How can they do it? Union staff jobs are attractive. The pay, fringe benefits and working conditions are good even by corporate standards. If you are a rank and file member working for an hourly wage in a highly regimented work environment, getting a job at the union office provides an opportunity to improve your income, working conditions and social status beyond anything you're likely to achieve working for your company. For those who are able to get in, the motivation to stay in is tremendous. As HJ told us, "One day you're a virtual nobody, and then the union invites you in and then you're a somebody". Since union staffers have little in the way of protection from unfair treatment by their employer (the union), there is little incentive for boat-rocking. Go with the flow and nothing bad will happen becomes a sensible strategy - and the flow can be just about anything. Maybe the union's leaders don't really want to spend a lot of time and money arbitrating certain kinds of grievances - your mission is to persuade the members they don't have a hope in hell at arbitration and should drop their grievances. Maybe a deal has been cut in a backroom - your mission is to convince the members that the union bargained its guts out and got them a really good deal. Maybe your local's money is being wasted foolishly - your mission is to look the other way. Going with the flow requires that you find new ways of perceiving what's going on around you - of screwing your head around until the picture looks right.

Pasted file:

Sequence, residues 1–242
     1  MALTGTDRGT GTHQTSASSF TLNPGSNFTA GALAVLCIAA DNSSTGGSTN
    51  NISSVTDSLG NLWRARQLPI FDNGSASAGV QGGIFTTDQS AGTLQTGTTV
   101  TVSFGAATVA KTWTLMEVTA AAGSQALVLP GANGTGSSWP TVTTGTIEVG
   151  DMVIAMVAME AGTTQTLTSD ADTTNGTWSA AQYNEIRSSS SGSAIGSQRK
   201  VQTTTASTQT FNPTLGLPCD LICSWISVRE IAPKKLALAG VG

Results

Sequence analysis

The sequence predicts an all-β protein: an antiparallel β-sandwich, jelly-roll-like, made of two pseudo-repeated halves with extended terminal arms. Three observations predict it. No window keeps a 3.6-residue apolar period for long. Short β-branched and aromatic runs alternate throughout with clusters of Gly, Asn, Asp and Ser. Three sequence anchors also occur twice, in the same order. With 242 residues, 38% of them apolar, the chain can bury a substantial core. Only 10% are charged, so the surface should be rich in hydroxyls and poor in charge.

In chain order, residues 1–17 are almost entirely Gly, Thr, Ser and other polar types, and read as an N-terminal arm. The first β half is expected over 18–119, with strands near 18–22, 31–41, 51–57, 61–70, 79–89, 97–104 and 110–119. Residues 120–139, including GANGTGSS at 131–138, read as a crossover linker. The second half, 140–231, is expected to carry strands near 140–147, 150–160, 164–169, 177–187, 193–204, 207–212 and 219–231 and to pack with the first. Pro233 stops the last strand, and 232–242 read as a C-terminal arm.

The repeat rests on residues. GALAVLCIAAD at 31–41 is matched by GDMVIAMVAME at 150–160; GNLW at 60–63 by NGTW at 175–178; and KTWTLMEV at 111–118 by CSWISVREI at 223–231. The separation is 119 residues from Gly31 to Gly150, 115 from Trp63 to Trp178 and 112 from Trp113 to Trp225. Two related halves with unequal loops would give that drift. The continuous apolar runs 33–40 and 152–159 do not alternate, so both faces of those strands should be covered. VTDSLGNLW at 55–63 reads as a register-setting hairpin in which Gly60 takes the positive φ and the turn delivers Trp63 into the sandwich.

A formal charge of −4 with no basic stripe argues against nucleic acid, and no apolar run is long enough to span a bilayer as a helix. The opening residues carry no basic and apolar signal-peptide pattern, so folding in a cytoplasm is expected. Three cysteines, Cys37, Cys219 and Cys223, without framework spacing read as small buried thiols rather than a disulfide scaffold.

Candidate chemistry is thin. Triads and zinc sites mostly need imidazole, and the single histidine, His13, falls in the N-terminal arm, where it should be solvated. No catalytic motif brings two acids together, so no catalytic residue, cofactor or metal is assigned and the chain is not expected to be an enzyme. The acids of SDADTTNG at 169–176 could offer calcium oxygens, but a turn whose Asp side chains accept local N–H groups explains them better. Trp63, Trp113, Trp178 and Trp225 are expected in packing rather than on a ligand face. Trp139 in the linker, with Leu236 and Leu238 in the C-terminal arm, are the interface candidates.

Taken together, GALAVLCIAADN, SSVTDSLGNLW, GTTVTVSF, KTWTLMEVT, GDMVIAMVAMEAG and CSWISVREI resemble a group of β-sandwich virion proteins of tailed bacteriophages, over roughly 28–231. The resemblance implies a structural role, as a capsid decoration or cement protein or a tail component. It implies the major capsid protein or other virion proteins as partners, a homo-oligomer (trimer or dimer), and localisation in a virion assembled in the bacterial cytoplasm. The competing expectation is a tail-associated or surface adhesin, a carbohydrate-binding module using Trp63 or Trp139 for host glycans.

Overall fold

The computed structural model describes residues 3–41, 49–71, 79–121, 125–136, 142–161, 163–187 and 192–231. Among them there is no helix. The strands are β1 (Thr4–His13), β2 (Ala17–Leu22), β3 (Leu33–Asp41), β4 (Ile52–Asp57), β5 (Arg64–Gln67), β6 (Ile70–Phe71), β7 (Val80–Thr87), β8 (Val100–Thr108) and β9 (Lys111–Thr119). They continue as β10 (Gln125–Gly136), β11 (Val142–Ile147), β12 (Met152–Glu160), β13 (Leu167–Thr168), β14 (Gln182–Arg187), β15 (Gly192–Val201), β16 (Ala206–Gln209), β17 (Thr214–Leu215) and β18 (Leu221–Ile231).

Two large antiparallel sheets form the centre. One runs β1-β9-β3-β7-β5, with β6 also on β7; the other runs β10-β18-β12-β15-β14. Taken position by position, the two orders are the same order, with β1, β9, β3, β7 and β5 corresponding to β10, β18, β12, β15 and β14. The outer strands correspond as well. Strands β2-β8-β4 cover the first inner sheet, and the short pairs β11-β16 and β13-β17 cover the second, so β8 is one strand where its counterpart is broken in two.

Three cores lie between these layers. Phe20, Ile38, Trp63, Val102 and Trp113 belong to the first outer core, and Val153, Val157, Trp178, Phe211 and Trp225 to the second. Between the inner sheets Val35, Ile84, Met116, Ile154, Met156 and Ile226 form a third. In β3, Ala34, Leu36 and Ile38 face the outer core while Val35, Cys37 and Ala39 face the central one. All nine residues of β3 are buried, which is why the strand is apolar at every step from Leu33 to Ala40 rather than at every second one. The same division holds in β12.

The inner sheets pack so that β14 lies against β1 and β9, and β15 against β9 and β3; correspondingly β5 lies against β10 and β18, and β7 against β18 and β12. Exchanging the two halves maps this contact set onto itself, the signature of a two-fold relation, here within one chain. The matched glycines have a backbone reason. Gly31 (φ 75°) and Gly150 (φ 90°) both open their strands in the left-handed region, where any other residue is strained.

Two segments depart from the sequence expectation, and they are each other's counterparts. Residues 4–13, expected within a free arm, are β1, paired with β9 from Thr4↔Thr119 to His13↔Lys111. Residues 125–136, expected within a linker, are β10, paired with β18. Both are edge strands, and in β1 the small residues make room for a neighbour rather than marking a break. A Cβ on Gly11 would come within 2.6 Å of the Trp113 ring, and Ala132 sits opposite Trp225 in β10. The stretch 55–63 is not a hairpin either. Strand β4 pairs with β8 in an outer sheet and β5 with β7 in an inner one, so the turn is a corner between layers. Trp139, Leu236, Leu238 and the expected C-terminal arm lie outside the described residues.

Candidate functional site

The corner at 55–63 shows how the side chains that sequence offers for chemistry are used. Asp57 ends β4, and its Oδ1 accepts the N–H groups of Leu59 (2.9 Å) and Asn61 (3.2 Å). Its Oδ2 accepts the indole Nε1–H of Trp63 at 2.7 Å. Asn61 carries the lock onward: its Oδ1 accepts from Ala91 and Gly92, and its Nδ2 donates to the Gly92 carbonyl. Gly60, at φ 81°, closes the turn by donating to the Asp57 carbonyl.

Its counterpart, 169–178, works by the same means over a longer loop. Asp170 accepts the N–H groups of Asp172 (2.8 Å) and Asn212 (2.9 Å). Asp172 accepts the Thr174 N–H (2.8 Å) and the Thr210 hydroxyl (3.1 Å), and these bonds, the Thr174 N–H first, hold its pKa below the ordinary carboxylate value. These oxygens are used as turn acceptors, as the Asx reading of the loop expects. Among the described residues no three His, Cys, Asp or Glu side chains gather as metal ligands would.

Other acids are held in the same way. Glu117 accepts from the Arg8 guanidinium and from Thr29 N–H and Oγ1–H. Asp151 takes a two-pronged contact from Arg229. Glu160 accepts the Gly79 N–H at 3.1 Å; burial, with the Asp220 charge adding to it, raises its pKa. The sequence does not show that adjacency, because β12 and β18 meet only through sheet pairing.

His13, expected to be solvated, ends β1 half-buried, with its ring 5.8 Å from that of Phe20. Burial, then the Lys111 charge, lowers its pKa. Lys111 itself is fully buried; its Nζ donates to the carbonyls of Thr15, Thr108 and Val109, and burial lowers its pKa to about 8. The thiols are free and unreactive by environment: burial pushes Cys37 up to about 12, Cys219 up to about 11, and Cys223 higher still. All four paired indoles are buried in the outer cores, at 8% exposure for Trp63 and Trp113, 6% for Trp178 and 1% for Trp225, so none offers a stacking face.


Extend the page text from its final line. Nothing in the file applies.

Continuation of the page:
There's a slow and subtle process that takes place involving a number of different factors that are all at work at the same time. We don't doubt that most union reps start their union office jobs believing in something. The union is a good thing, it helps workers, it takes a stand against the company, and it does a lot of good things. . As they get into their new jobs, they evolve a further sense of wanting to help people, of doing what's right for them. Eventually the limitations on what they can achieve become apparent. Some limitations are there because the law only goes so far and others are there because the employer and the union have a relationship to maintain. It's when the relationship with the employer takes priority over the one with the members that union staffers need to begin the head-twisting. It's not that hard to do. Wherever they worked before their union office job, they were subject to a work environment where obedience and respect fro authority was required. Unless they came from a privileged background, they had already accepted that the world isn't a nice place and that sometimes life ain't fair. There are limitations to what can be accomplished. Shit happens. You've gotta do what you've gotta do. Going with the flow and looking the other way becomes something that is just necessary. We're going to try not to overdo it with the Chomsky quotes but sometimes he's just got it nailed down so well: